Wednesday, January 1, 2014

Dmitri - Is That You?



To celebrate the first day of 2014, Mark Bittman of the New York Times wrote about previous years ending in 4, going all the way back to 1944. Following Mr. Bittman’s example, I propose that we go back even deeper into history to the year 1604. Why 1604? Well obviously because that was the year that False Dmitri (or, should I say, “a False Dmitri”) invaded Russia from Poland.

False Dmitri based his invasion on the claim that he was the real “Dmitri,” namely the long-lost son of the recently deceased Russian Tsar, Ivan the Terrible. Clearly, he was not. Nevertheless, he was validated as a true and beloved son by his mother, the widow of the late Ivan. (This must surely have been a What's in this for me? moment for Mrs. Terrible.)

False Dmitri quickly assembled an armed force, comprising mainly Poles and other western types, made for Moscow, and, after a struggle, managed to seize the throne. Once installed as Tsar, he did something every Russian of his day considered a heinous and unforgivable sin: he married a Catholic. His bride and Tsarina, Marina Mniszech (aka Marinka the Witch), declined to convert to the Russian Orthodox Church. That’s when things started to get weird.

A nobleman named Vasily Shuisky accused False Dmitri of promoting Catholicism, Protestantism and, just for good measure, sodomy, in the Russian court. There was also a widely believed story that Dmitri planned to use his foreign minions to slaughter thousands of good Orthodox Russians. Armed with paranoid-induced passion, Shuisky managed to gather a mass of followers who stormed the Kremlin. 

In a desperate effort to escape, False Dmitri leapt from a window, but broke his leg in the fall. He was quickly caught by Shuisky’s followers and executed. But death was not adequate punishment for someone who dared to not really be Dmitri. Consequently, his body was first publicly displayed, then cremated and, following this, his ashes were stuffed into a cannon and shot westward in the direction of (the hated, Catholic) Poland.



 False Dmitri I - In a Cocky, Self-assured Moment

I wouldn’t want to give the impression that I am a particular fan of False Dmitri, or that I condone the impersonating of deceased heirs to thrones as a commendable life plan.  However, I feel compelled to give False Dmitri credit for one thing at least - originality. Here’s why.

Our False Dmitri (commonly known today as False Dmitri I) was followed in 1607 by False Dmitri II and a few years later by False Dmitri III. Each of these copycats showed up and claimed to be Ivan the Terrible’s long-lost son and each insisted he had NOT been blasted to Poland. On top of this, each one was presented to Marinka the Witch who authenticated each in turn as the true Dmitri. More on that later.

False Dmitri II, though a copycat, does deserve a little credit for not leaping immediately onto the False Dmitri bandwagon. He did not, after all, begin his public life by mendaciously claiming to be the late Tsar’s son. No, he started by mendaciously claiming to be Boyar Nagoy, a prominent Muscovite nobleman. It was only under torture that he “confessed” that this was a lie, and that he was actually the long-lost Tsarevich Dmitri, son of the late Ivan the Terrible.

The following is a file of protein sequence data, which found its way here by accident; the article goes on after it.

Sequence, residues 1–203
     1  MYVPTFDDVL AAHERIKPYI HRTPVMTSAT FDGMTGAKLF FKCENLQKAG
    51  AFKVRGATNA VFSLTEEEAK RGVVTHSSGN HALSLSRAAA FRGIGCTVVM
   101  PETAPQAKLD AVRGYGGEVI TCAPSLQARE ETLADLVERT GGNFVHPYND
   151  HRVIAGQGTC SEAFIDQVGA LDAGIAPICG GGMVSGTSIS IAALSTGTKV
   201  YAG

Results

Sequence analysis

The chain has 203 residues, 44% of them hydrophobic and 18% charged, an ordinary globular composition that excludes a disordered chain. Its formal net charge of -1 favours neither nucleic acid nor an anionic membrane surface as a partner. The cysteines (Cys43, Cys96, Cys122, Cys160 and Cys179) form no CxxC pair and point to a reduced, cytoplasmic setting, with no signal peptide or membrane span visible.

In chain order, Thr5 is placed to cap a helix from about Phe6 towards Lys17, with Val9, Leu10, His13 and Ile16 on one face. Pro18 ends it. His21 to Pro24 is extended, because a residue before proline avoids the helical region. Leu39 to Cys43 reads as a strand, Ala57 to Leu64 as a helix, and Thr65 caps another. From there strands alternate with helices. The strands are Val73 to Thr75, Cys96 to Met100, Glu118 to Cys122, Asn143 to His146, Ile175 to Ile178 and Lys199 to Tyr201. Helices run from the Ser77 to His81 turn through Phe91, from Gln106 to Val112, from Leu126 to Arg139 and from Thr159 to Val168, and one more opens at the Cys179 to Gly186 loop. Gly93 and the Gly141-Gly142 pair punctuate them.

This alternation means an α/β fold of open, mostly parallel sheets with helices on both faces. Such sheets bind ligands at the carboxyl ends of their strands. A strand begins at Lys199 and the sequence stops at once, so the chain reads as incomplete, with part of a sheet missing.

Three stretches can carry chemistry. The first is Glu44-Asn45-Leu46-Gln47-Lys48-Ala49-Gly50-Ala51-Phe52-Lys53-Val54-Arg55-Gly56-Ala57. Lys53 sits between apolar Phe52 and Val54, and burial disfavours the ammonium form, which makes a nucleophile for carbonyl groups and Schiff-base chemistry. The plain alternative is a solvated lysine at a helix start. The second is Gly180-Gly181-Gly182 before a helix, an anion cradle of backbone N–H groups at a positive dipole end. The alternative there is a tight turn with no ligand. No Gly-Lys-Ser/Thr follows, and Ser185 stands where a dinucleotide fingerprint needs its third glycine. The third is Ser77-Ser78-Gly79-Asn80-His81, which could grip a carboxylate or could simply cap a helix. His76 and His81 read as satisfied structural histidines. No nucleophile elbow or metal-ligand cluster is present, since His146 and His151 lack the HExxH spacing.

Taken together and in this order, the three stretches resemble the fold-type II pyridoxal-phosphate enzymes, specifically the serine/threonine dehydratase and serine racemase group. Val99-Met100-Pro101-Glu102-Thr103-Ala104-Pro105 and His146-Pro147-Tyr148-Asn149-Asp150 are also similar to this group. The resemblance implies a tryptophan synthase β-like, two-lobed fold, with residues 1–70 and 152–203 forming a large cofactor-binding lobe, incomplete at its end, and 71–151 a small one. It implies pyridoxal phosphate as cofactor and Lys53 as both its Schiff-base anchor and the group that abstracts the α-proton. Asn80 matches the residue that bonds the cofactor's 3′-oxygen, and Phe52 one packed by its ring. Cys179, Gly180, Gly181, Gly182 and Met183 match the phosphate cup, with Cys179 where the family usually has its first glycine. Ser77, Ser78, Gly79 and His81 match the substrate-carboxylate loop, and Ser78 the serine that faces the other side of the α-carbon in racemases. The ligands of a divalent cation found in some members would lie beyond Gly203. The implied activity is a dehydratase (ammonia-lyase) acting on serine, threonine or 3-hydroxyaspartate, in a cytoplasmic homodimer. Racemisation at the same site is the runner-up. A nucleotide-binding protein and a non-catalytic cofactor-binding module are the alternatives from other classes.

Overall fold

Released by his torturers, False Dmitri II quickly assembled an army of Polish and Cossack troops (which apparently was easily done in those days), and marched on Moscow. His campaign ultimately failed and so he resigned himself to being the Tsar of some provincial territories out in the Russian boondocks. After a few years of being a mini-Tsar, and in the midst of a drunken binge, he was assassinated by Peter Urusov, a nobleman whom Dmitri had once had flogged. Urusov reportedly chopped off Dmitri’s head and hand after killing him, thus maintaining the “death is not enough” tradition initiated by the executors of the original False Dmitri.

False Dmitri II - It's No Wonder His Widow Was Fooled


No, we’re not done yet. There followed, in 1611, the sudden appearance of False Dmitri III who gained the backing of yet another army of Cossacks. The Cossacks of those days were apparently not too particular about their Dmitris as long as they were validated as authentic and true by the ever-amenable widow Marinka (the witch). “Yes,” proclaimed Marinka, “this one is definitely my Dmitri.”

False Dmitri III did somewhat better than F.D. I and F.D. II in that he was merely killed and was not fired from a cannon nor was his body publicly mutilated. In May 1612, he was quietly "disappeared" in a manner that today would probably have impressed even Jimmy Hoffa’s handlers.

How many more Dmitris would Marinka have willingly validated in her effort to maintain her tenuous claim on the Russian throne we know not, for with the demise of False Dmitri III, Russia ran out of Tsarevich Dmitris. So ends a period of Russian history of which I can honestly say, I would rather read about than live through.

In conclusion, I'd like to take a moment to thank my colleague Professor Alex Boguslawski who first introduced me to the false Dmitris during his spring 2013 seminar on Russian history. Any errors or false notes in this essay must be attributed to me and not to my true and learned friend, Alex. And thanks to Wikipedia for the Dmitri pictures.